Carbon capture and storage

IPIECA Sets Pair of Seminars To Address Methane, Carbon Dioxide

The first seminar looks at carbon capture, utilization, and storage as a way to achieve net-zero emissions. The second looks at the Methane Guiding Principles and its efforts to address methane throughout the natural gas supply chain.

Plume of steam against  dark blue sky with unusual clouds

Two online seminars planned by IPIECA, the global oil and gas industry association for advancing environmental and social performance, examine efforts to address the greenhouse gases methane and carbon dioxide.

The first seminar, on 9 December, will look at carbon capture, utilization, and storage (CCUS) as a way to achieve net-zero emissions and meet the goals of the Paris agreement.

Samantha McCulloch, head of the CCUS unit at the International Energy Agency (IEA), presents recent IEA publications related to CCUS, examining how CCUS is a critical technology in delivering cost-effective pathways to meeting the goals of the Paris agreement.

She focuses on the IEA Energy Technology Perspectives (ETP) 2020; the IEA ETP special report CCUS in Clean Energy Transitions, for which she was lead author; and how CCUS facilitates the sustainable development and net-zero 2050 scenarios of the IEA World Energy Outlook 2020.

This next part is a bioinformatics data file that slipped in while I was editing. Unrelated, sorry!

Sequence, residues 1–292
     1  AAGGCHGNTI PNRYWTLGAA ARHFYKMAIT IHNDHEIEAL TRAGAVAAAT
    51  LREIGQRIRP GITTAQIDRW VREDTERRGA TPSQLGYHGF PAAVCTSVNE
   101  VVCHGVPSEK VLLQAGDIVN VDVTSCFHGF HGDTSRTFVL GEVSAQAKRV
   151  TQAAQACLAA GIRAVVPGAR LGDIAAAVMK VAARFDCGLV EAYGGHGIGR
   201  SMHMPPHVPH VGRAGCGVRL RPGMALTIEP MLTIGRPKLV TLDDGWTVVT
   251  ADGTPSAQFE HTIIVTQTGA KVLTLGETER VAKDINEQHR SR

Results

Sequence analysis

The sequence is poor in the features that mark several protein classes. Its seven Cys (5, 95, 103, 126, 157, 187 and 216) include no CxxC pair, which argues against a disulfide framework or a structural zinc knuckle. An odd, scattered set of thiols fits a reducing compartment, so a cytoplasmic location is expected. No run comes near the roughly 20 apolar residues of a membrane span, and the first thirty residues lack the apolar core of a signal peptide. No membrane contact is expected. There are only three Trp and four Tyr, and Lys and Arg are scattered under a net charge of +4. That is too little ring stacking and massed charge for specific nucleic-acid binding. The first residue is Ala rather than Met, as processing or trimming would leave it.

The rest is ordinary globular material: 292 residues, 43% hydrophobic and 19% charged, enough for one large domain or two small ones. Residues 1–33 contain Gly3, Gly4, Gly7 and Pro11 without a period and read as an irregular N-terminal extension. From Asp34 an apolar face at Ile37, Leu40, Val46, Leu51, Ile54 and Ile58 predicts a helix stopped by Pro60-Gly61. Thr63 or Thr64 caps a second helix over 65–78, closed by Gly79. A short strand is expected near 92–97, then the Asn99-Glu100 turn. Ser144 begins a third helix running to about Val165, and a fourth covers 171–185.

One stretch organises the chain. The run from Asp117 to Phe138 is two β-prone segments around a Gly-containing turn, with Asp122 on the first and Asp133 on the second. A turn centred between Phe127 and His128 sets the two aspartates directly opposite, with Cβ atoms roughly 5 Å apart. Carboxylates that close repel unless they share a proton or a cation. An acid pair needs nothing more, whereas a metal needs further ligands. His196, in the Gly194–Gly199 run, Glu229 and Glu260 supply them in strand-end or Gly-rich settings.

Register for the seminar here.

The second seminar planned by IPIECA, on 10 December, looks at reducing methane emissions in the oil and gas industry through improved operations. This seminar examines some of the efforts made by the Methane Guiding Principles (MGP), an initiative consisting of international industry institutions, nongovernmental organizations, and academia.

One of the MGP principles is to advance strong performance across the gas supply chain. To this end, the MGP has produced a set of 10 best practice guides and a best practice toolkit. Coauthors of the guides Matt Harrison of SLR Consulting and Dave Allen from The University of Texas at Austin provide an overview of the guides and show how operators can make best use of them.

The two also present a worked example of the methane cost model screening tool to evaluate potential reduction projects.

Register for the seminar here.